ALDI La La La
I LEARNED THE IMPORTANT THINGS AT MY MOTHER’S KNEE. Unfortunately, I am currently in Ireland and my Mother’s knee was Lithuanian. That uh-oh of geography has left me in a quandary when it comes to grocery shopping in the Emerald Isle. What works in Terre Haute, Indiana (That’s French for “Don’t put the ice cream on the Hob.”) does not necessarily work in Portshannon, County Clare, Republic of Ireland.
We are staying here in this house for two weeks and since we have become accustomed to eating we must also go grocery shopping, but trying to do that in this wide spot in the road village is futile we have to saddle up the old Kia SUV and go to a wider spot in the road.
“Wider spot in the road” around here means the town of Portumna about 25 kilometers away. And what do we find there on the outskirts of town but a bright, shiny, and new ALDI store. For those of you unfamiliar with ALDI, it is a German chain that is all over Europe and is making inroads in the U.S – Terre Haute has two of them. They have discount prices and no frills.
BYOB = Bring your own bags.
Be prepared to pay to get a shopping cart. In Portumna it was 2 Euros to unlock a cart, but don’t worry – if you put the cart back where you got it you get your coin back. Think of it as a short term loan.
I learned my way around the grocery store by the time I was ten, but dropping me inside an Irish ALDI store is a challenge. There are fruits and vegetables that I have never seen before and there are familiar items with new and alien names. The staple of my diet, “Ground Beef” is “Minced Beef.” If I want to buy bacon (and who doesn’t?), I have to walk past the packages labeled simply “Bacon,” which is more like sliced ham, and look for “American Streaky Bacon.”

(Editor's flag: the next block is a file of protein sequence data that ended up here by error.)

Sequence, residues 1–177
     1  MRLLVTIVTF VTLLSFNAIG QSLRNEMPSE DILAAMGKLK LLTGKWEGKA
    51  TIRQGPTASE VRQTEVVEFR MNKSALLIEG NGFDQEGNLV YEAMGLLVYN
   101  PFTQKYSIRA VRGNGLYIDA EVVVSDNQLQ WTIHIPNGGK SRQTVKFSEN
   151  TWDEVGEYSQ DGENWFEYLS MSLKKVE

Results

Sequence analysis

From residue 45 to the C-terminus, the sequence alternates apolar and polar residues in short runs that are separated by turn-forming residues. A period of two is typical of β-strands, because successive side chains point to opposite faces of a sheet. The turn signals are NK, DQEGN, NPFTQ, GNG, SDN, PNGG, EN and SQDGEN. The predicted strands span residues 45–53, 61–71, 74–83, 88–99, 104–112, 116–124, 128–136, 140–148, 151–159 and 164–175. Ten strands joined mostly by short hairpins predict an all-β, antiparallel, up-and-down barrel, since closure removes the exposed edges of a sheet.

It goes on like that all through the store and it’s not just at ALDI stores. The same thing greets me at Tesco, Super-Value, and Dunne’s – the Big Three of Irish Food store chains. I suppose the same thing would happen if I kidnapped someone from Portshannon and dropped them, free cart in hand, in a Kroger or Safeway store. But that would be his or her problem and I am only thinking about myself.
Inside that ALDI store I think that the shelves are being stocked and tended to by Orangutans or LA Dodger fans – how else can I explain that on one aisle I found that I could buy both ice cream and tennis rackets. After a vigorous set at Wimbledon what would be more welcome than a scoop of Rocky Road? Maybe some Cheesy Chicken Goujons, Pea Puree and Oven Baked Chips?
While that may sound like a yumilicious way to prepare the pectoralis minor muscles of a chicken I will still be wandering around the store in circles looking for some Apple Sauce. No matter that the Irish have the right to run their stores as they want I still think it is wrong, wrong, wrong, to have the Apple Sauce sitting on the shelf alongside the ketchup, A-1, and Worcestershire Sauce.
It’s a fruit for God’s sake!